Ever wonder how Amazon dealers were able to afford to sell used books for a penny plus $3.99 shipping? The New York Times has an article looking at how these operations work. Effectively, used-book operations are able to ship efficiently enough that they can make a few pennies’ worth of profit out of that $3.99 shipping fee, so they can earn a little money on each penny book they sell. Further, penny books are only about half of the business they do, which means that any used books they sell for more than a penny are effectively pure profit.
While there may still be solo operators who trawl book sales with PDAs looking for in-demand titles, these big operations effectively just buy everything and, after discarding obviously damaged books and other trash, throw it all up on Amazon using their automated systems.
The details of how these operations work is interesting enough all by itself, but the most interesting part is the effect they’re having on brick-and-mortar used book stores. In spite of expectations when Amazon first started listing used books alongside new, they haven’t harmed new book sales much. However, brick and mortar used-book stores are another story.
If the penny booksellers haven’t noticeably cut into the publishing industry’s margins, their arrival has been more ominous for traditional used-book retailers. “It’s really a race to the bottom at this point,” says Carson Moss, the store buyer at the Strand, the 88-year-old Manhattan book emporium. “Everybody ends up fighting over 5 cents, 10 cents, a penny.” Moss says the penny booksellers are an occasional topic of conversation at the Strand, which also sells books on Amazon and elsewhere online. “I would say it has affected our ability to sell as many used books online,” he says. The penny booksellers are sometimes seen as forcing books into a new, disturbingly quick life cycle in which prices drop from full price to a few dollars in months, and then further to a penny in just a couple of years.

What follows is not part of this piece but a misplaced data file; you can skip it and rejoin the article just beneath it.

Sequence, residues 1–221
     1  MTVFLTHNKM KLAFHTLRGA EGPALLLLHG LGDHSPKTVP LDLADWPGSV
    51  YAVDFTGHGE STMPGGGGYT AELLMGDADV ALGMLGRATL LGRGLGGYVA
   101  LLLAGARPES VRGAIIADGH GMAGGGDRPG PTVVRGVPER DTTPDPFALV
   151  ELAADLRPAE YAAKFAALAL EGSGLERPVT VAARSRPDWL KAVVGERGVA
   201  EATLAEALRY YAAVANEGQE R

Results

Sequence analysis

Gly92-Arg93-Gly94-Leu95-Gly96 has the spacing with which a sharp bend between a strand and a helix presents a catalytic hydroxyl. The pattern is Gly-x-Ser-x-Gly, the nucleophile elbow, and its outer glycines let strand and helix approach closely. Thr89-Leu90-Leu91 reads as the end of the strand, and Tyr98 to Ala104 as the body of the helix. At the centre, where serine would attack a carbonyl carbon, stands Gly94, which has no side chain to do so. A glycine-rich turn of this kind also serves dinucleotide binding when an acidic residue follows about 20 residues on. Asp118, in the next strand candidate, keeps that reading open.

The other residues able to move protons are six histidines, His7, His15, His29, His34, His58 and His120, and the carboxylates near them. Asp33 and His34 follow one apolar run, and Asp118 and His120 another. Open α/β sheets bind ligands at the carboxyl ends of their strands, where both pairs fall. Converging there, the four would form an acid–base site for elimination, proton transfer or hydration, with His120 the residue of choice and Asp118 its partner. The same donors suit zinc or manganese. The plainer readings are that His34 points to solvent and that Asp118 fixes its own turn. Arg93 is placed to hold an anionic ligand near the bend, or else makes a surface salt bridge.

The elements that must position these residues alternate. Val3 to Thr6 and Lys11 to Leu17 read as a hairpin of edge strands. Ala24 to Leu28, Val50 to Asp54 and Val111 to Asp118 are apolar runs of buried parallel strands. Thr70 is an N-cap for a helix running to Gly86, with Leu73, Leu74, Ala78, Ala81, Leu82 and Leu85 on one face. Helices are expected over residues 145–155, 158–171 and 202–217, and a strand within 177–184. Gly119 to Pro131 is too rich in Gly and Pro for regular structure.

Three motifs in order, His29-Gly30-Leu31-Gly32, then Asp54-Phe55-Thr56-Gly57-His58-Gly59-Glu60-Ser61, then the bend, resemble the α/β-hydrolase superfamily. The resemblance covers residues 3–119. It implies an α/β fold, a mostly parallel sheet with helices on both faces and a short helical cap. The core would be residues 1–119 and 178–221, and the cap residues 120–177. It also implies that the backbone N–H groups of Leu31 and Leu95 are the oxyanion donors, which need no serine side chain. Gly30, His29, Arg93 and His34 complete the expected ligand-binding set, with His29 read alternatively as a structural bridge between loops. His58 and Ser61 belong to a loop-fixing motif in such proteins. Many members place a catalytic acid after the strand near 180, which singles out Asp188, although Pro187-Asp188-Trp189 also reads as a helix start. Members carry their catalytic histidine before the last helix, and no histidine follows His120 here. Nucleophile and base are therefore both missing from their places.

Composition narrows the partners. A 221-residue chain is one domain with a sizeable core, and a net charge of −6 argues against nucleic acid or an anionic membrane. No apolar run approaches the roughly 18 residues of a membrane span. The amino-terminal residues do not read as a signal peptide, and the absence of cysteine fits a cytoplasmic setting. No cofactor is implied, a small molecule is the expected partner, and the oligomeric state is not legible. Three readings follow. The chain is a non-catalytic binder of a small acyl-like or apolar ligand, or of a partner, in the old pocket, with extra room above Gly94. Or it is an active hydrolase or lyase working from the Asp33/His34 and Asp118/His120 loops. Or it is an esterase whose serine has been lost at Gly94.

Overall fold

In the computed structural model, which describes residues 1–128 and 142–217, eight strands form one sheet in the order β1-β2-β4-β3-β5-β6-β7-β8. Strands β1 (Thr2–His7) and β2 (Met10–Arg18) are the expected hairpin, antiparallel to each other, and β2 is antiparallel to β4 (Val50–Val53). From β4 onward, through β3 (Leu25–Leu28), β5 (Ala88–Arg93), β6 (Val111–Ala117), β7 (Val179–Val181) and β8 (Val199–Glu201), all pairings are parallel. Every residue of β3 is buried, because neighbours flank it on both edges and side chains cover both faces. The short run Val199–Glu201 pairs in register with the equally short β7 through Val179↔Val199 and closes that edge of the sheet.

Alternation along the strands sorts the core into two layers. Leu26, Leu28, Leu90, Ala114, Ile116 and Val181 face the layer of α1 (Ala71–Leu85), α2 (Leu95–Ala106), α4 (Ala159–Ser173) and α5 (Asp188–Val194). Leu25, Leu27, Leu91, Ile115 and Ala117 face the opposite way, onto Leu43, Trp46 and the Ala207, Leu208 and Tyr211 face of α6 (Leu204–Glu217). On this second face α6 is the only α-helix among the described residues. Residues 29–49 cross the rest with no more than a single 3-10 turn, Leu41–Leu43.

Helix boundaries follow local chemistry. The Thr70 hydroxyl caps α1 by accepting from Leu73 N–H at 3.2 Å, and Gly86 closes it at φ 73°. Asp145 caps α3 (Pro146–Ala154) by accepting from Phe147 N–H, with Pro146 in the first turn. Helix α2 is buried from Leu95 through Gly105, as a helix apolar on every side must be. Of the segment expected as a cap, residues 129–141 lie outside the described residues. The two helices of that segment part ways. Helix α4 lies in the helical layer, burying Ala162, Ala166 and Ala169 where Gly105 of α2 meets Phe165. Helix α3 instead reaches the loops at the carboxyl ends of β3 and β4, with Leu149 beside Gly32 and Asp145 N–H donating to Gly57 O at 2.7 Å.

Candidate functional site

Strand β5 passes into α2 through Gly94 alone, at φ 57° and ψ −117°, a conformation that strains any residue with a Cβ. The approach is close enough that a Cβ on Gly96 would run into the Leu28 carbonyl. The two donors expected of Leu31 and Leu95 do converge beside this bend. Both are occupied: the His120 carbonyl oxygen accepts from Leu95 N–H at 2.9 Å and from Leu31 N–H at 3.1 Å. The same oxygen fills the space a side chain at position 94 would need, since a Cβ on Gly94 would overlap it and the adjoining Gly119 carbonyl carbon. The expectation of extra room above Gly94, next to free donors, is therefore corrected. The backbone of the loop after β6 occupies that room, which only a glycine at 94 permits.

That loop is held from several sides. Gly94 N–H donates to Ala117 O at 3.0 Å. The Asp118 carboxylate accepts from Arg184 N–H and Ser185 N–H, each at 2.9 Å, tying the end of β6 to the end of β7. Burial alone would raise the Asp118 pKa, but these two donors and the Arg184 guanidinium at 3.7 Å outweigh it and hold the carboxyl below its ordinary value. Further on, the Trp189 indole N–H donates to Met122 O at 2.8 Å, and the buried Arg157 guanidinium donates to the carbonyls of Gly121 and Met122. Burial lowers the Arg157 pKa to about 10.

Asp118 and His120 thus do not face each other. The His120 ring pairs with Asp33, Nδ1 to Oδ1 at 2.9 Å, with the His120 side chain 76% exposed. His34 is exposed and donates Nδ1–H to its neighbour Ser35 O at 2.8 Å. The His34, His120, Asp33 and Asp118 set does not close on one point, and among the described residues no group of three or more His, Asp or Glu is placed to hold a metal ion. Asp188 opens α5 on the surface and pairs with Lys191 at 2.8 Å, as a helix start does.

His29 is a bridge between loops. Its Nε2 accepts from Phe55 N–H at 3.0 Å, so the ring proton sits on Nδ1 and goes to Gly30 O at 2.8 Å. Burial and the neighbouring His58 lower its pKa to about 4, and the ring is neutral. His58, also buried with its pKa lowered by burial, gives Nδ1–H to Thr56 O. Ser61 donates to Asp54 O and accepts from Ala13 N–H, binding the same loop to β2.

It makes sense when you think about it. If someone really wants a new book, they’ll buy a new book. They’re not likely to be diverted to buying a cheaper used one just because it’s there. But if they want a used book, where previously they might have gone to a brick and mortar store to find it, now they can get it from the same place where they could have gotten a brand new one. So it’s the brick-and-mortar used stores that are taking the big hit from Amazon selling used.
I remember back in my childhood, you could take your used books in to the stores and get a decent amount in cash, and more in sales credit, from trading them in. That’s just not realistic anymore—they just aren’t selling well enough that people can afford to pay for them. They’re a drug on the market, and those discussions from a few years back about whether second-hand bookstores should have to pay royalties now seem quaint and old-fashioned. Second-hand bookstores are apparently an endangered species.
By the same token, the argument that a thriving second-hand market is important because it lets consumers know they can resell a book if they don’t like it also seems old-fashioned. Who’s even going to buy your unwanted used book anymore? You could list it on Amazon, but then you’ll have to wait until someone actually wants it to sell it, and you also have to package it up and mail it out.
This in turn could make e-books more attractive, at least to some people. You’re no longer buying things that fill up your shelves and you probably can’t get rid of. And if you can’t get rid of e-books, either (at the moment, anyway, though there’s some movement in Europe to support it), at least they don’t produce more clutter.
It’s funny to consider that, for all that publishers have complained about used books, in the grand scheme of things they don’t really seem to care that much. If they did, they’d be putting all their effort behind selling e-books, which after all can’t be re-sold so can’t compete with “new” versions of themselves. Instead, they’re pricing e-books out of range and seem happy their sales are going down while print sales are going strong.
Which, I suppose, just goes to show how upset publishers really are about used books. Even when Amazon, their most loved and hated frenemy, is selling them for a penny each, they can’t seem to work up a whole lot of concern. But let Amazon discount e-books, and it’s the end of the world.
(Found via a mailing list from LLRX.com site operator Sabrina Pacifici.)